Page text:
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What Rising Interest Rates Mean for You

On Thursday, Mark Carney, Governor of the Bank of England, announced that the Bank of England base rate will likely rise to 2.5% from 0.5% over the next three years. This rate is the rate which other banks and building societies base their own borrowing rates on.

For savers, this is good news, as those with savings accounts could see higher returns, but what about borrowers? In short, borrowers could be faced with higher repayments as the interest rates rise. People with credit card or other unsecured debts will face higher monthly bills. The estimated 2.5% rise only reflects the base line rate that could be set by the Bank of England over the next three years. Other banks and building societies may set higher rates, but we don't know yet what these rates will look like. Clearly, these changes could have a significant impact on borrowers who are already struggling to pay their bills, and the change in interest rates will affect homeowners too.

Although the number of people taking out new fixed-rate mortgages has now grown to 77% of all new UK lending, most people with existing mortgages borrowed with a variable (sometimes called floating) interest rate. What this means is that mortgage repayments fluctuate according to the current interest rates set by the banks. 57% of current mortgage balances in the UK are tied to a floating rate, so a rise in interest rates will change repayment amounts for thes mortgages.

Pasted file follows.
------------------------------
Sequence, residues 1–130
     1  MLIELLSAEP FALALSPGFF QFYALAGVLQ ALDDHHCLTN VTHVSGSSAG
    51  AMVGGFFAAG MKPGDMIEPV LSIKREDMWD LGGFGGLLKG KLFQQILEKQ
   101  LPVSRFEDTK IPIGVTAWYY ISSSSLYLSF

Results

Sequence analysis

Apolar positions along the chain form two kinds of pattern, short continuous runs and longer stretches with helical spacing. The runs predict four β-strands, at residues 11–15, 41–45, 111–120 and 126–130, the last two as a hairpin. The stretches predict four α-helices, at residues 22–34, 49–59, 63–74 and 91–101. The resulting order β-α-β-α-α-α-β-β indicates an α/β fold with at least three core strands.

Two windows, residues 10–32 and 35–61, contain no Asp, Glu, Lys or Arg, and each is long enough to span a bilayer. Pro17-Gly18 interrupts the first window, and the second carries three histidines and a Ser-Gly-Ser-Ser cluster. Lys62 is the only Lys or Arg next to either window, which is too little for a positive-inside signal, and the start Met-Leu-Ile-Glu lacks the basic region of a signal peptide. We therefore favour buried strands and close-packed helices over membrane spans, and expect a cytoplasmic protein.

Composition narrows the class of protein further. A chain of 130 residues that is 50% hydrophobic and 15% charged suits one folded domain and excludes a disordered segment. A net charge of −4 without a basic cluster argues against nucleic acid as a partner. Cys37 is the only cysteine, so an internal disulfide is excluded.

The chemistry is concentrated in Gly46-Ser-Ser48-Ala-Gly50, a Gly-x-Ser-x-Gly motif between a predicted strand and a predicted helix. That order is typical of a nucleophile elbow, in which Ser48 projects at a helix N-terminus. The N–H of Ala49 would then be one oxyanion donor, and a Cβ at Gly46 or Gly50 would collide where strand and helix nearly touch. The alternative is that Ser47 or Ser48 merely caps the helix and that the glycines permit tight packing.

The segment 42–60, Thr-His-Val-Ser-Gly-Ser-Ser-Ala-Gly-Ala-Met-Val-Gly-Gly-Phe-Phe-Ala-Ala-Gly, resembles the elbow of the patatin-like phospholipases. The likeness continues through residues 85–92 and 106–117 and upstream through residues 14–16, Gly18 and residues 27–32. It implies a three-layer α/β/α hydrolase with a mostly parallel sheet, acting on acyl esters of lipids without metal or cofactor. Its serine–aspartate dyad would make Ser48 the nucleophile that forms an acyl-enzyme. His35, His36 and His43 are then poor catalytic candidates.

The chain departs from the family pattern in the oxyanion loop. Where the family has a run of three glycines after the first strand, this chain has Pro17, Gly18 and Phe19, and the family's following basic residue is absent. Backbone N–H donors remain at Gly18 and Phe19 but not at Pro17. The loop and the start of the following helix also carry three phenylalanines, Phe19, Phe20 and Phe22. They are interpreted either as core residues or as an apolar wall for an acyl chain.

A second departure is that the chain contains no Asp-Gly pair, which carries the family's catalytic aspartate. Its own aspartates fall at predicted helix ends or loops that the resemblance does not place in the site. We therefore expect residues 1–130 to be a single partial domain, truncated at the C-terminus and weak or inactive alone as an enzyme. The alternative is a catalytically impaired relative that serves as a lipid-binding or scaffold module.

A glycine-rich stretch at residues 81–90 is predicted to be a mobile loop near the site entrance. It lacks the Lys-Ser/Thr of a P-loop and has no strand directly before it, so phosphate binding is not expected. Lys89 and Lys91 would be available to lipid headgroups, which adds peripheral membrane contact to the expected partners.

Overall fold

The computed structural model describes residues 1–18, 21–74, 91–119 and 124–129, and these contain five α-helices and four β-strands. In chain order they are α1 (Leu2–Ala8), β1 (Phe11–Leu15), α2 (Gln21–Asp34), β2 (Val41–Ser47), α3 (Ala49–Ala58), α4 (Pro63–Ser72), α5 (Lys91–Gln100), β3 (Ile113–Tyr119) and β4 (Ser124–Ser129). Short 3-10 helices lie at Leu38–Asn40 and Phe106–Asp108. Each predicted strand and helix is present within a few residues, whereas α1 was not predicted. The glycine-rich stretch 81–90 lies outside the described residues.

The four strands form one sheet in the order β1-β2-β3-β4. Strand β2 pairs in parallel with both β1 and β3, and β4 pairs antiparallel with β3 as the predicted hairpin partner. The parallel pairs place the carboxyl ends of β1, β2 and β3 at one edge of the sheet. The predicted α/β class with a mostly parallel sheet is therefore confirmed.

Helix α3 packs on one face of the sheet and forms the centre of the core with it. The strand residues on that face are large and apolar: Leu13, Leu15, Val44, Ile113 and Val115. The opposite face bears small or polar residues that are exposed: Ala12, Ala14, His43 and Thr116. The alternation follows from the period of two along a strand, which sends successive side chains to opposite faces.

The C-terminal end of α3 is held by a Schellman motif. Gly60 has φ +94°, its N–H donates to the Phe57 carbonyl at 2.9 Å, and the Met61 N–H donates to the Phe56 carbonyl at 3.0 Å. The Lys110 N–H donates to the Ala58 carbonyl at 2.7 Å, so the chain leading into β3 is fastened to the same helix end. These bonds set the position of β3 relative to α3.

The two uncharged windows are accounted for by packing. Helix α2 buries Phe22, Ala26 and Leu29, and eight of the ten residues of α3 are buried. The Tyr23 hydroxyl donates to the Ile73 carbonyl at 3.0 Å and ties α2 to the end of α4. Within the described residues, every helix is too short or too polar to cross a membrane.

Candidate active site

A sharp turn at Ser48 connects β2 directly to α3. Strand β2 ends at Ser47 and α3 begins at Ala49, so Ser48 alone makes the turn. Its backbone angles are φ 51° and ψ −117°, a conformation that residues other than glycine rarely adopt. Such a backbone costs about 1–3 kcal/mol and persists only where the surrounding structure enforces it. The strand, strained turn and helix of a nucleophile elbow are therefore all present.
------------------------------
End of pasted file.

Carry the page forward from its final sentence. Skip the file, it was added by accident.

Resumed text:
For example, a rise from 0.5% to 2.5% can increase the amount of interest outstanding by a high margin. When applied to a large mortgage balance, the corresponding increase in interest payable could be devastating to homeowners. A mortgage balance of £100,000 at a 0.5% interest rate would see a total interest amount of £500. The same balance at a rate of 2.5% interest would total £2,500.

What should borrowers do? The number one thing to do is to get a plan in place to prepare for potential increases in mortgage or credit card interest rates. This means evaluating your personal financial situation and exploring all your options.

In our experience of helping people with negative equity and other consumer debts, we here at GDP Partnership know that education about your options is the best way to tackle potential problems before they get out of control, and if you're reading this, you've already taken the first step!

If you have debts of any kind, being proactive is the best way to feel empowered and take control of your debts, rather than letting them control your life. As interest rates rise, making the environment more difficult for borrowers, it will become more important than ever to make sure you have a viable plan to prepare for the future.

If you have any questions about your financial situation, feel free to contact us for professional, confidential advice